Hollub believes corporate organisations will focus on optimizing present operations and facilities, rather than seeking growth at all costs. She, however, noted that oil prices rebounded faster than expected, largely due to China, India and United States’ growing consumption.

The recovery looks more V-shaped than we had originally thought it would be,” she said. Occidental previous projection had oil production recovering to pre-pandemic levels by the middle of 2022. The CEO Now believes demand will return by the end of this year or the first few months of 2022.

I do believe we’re headed for a much healthier supply and demand environment” she said.

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Crude Oil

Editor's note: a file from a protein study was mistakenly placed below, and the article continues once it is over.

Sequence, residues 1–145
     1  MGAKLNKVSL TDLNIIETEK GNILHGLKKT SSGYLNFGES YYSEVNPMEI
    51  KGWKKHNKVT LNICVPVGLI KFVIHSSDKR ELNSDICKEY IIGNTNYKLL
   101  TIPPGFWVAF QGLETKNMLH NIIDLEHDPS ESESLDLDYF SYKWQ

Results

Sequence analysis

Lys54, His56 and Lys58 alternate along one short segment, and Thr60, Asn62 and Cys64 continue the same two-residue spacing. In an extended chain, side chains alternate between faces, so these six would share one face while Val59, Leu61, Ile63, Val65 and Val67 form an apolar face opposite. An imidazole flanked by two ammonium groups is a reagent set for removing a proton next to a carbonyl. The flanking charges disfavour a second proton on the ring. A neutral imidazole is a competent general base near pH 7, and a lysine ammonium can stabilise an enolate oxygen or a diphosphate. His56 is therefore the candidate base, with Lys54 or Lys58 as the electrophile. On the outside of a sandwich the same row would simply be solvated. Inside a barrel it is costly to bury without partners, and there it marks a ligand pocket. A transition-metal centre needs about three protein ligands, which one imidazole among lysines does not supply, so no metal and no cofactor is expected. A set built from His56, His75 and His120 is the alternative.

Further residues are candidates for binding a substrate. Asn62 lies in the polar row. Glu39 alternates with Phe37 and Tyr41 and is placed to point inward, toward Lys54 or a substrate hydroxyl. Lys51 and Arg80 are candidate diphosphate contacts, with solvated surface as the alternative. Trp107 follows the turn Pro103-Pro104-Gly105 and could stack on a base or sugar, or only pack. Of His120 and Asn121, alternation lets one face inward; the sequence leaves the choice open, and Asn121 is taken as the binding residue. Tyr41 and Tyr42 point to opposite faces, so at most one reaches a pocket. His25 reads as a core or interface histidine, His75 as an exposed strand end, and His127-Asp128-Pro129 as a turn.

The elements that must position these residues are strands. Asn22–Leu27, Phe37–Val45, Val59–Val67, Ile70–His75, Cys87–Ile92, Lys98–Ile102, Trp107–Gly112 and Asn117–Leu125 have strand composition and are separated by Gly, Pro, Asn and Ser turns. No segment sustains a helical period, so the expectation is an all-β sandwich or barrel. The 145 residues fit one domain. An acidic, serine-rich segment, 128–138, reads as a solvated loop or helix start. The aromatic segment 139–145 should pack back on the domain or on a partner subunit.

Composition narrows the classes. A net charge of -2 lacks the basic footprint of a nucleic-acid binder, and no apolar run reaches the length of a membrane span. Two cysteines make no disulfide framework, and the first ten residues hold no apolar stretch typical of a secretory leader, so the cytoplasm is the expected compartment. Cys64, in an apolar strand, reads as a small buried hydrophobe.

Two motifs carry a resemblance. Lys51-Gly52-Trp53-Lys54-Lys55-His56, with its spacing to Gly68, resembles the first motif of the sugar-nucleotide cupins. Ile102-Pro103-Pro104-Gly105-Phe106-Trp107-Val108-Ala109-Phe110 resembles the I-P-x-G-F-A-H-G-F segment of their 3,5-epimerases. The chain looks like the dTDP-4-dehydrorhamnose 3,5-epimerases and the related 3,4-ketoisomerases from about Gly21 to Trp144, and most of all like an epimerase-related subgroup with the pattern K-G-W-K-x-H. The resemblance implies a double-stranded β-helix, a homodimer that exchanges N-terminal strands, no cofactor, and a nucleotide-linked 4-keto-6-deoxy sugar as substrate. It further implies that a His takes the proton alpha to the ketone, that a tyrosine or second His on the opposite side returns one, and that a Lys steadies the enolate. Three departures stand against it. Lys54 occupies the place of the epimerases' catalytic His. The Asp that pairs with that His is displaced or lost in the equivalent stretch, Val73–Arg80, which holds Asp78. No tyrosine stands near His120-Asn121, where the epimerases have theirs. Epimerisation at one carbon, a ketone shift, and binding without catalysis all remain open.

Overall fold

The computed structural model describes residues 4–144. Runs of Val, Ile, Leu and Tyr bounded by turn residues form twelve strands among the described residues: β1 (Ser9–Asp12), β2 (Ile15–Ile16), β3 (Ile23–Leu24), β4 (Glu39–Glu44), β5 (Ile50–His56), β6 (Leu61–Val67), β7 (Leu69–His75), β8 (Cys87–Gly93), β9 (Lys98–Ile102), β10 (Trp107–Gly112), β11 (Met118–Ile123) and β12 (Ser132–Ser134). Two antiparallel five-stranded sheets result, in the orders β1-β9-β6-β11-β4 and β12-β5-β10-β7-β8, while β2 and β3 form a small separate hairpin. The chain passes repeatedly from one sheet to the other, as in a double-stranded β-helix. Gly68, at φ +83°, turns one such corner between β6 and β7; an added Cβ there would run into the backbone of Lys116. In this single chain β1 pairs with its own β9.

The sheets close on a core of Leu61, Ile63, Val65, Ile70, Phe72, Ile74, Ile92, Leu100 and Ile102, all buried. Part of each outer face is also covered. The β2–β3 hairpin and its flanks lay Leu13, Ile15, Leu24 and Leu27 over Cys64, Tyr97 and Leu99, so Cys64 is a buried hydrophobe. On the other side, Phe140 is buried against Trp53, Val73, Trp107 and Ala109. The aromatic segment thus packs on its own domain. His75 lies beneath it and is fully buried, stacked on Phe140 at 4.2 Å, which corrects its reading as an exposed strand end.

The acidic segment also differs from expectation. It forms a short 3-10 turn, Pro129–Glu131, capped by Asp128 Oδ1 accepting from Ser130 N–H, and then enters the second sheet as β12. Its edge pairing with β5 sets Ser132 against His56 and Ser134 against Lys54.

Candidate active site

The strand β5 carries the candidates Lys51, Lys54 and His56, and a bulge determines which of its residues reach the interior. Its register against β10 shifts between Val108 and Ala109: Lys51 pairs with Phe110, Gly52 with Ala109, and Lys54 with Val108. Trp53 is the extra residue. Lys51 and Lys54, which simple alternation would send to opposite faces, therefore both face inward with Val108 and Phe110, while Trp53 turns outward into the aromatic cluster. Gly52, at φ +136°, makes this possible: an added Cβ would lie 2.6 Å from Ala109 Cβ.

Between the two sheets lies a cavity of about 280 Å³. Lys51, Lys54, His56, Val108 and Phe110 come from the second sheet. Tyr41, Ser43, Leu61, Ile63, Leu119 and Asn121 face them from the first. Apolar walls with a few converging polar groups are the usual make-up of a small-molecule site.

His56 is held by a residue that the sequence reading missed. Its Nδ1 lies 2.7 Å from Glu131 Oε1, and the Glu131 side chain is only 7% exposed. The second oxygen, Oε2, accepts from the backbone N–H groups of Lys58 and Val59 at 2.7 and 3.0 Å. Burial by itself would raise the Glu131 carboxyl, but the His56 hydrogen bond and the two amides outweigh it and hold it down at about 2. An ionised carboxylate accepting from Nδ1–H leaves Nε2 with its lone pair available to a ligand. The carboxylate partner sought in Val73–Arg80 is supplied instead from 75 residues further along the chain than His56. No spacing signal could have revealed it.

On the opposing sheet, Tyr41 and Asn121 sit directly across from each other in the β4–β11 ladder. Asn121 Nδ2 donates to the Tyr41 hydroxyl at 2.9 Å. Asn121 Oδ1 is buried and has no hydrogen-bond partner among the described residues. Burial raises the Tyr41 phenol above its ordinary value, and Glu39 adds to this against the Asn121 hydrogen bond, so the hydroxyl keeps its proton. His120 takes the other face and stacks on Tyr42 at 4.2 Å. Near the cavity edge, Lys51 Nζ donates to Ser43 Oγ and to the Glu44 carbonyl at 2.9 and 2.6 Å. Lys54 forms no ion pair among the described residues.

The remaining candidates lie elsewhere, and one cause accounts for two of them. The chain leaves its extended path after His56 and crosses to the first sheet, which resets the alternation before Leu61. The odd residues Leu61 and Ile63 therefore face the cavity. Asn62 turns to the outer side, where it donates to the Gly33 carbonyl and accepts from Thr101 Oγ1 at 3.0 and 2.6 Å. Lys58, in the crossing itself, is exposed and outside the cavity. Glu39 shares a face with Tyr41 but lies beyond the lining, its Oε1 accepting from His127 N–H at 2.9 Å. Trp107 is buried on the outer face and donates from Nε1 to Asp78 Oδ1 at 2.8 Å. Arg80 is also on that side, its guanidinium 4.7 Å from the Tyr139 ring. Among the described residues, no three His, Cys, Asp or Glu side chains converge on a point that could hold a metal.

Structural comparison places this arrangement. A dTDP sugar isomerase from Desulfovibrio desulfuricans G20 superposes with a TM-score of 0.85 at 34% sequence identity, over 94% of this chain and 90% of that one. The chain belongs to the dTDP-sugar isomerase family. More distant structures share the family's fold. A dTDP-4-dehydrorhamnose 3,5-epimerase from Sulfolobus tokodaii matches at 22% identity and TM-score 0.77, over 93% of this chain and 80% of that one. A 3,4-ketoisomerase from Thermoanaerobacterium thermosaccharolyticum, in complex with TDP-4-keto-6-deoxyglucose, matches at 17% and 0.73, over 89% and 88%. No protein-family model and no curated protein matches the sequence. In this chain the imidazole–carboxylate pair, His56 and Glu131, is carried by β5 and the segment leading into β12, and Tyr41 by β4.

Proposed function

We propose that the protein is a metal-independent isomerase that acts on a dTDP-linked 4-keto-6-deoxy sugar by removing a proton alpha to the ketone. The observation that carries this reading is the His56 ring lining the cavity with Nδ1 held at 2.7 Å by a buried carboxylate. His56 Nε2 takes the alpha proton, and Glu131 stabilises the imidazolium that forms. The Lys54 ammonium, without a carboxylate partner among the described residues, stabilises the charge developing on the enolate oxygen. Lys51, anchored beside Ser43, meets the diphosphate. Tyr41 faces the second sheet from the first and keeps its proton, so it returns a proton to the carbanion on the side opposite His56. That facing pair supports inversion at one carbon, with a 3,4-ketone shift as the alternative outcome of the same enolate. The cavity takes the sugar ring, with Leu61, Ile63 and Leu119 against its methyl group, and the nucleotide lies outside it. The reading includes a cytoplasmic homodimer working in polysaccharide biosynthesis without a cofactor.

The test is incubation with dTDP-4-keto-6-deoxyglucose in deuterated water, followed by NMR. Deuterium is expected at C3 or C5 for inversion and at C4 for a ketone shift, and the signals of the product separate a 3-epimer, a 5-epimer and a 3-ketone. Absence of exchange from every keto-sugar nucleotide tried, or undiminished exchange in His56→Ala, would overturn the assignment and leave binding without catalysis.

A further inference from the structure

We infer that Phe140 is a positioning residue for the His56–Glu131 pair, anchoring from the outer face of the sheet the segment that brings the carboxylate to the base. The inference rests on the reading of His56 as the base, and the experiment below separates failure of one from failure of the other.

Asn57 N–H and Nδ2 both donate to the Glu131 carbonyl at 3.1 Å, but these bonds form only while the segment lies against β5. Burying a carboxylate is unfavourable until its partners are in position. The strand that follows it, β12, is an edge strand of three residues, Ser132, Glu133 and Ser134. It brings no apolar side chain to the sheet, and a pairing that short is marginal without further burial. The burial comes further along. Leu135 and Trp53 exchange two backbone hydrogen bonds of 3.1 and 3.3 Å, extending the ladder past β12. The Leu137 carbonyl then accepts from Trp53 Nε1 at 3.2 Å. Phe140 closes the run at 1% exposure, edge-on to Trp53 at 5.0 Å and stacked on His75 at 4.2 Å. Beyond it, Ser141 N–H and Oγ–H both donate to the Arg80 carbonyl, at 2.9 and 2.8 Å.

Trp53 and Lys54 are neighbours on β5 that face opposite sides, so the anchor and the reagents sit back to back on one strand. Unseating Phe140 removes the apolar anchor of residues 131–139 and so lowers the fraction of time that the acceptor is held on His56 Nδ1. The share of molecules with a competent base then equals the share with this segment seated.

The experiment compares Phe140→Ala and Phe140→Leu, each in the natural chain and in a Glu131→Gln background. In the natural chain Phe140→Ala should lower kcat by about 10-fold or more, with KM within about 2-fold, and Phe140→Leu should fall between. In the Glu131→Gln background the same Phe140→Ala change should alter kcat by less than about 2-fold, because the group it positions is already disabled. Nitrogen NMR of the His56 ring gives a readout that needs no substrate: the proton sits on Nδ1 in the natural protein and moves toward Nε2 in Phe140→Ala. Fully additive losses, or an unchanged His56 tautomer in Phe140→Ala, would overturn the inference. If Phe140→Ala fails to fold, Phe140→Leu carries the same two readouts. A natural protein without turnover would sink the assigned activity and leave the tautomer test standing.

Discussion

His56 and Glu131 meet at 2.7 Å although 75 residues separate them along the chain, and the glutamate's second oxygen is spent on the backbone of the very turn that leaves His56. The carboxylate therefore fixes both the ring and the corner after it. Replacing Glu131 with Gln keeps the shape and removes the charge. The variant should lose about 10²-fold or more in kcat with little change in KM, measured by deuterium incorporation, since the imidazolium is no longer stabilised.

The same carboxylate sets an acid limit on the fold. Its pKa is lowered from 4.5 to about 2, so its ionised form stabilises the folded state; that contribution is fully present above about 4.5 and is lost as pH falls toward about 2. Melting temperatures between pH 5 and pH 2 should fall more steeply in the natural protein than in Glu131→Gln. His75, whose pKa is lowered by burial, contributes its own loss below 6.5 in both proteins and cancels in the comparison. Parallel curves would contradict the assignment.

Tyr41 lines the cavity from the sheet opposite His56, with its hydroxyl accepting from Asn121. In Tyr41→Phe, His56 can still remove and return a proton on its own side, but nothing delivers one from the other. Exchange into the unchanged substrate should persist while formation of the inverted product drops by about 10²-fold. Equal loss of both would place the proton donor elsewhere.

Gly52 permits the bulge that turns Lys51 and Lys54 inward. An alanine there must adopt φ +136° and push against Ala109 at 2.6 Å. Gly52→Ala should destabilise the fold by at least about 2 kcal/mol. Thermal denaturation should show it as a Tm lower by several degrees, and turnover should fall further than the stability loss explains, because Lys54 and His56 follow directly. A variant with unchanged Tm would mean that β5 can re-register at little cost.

Oil Jumps to $67.70 as OPEC+ Extends Production Cuts

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Oil Jumps to $67.70 as OPEC+ Extends Production Cuts

Brent crude oil, against which Nigerian oil is priced, rose to $67.70 per barrel on Thursday following the decision of OPEC and allies, known as OPEC+, to extend production cuts.

OPEC and allies are presently debating whether to restore as much as 1.5 million barrels per day of crude oil in April, according to people with the knowledge of the meeting.

Experts have said OPEC+ continuous production cuts could increase global inflationary pressure with the rising price of could oil. However, Saudi Energy Minister Prince Abdulaziz bin Salman said “I don’t think it will overheat.”

Last year “we suffered alone, we as OPEC+” and now “it’s about being vigilant and being careful,” he said.

Saudi minister added that the additional 1 million barrel-a-day voluntary production cut the kingdom introduced in February was now open-ended. Meaning, OPEC+ will be withholding 7 million barrels a day or 7 percent of global demand from the market– even as fuel consumption recovers in many nations.

Experts have started predicting $75 a barrel by April.